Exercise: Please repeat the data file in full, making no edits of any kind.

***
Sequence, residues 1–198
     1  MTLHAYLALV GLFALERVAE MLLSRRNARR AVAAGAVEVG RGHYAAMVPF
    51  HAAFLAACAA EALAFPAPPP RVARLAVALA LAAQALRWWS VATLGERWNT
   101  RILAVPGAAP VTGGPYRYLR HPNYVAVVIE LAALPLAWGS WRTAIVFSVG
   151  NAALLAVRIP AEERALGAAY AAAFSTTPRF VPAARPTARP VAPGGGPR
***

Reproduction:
Sequence, residues 1–198
     1  MTLHAYLALV GLFALERVAE MLLSRRNARR AVAAGAVEVG RGHYAAMVPF
    51  HAAFLAACAA EALAFPAPPP RVARLAVALA LAAQALRWWS VATLGERWNT
   101  RILAVPGAAP VTGGPYRYLR HPNYVAVVIE LAALPLAWGS WRTAIVFSVG
   151  NAALLAVRIP AEERALGAAY AAAFSTTPRF VPAARPTARP VAPGGGPR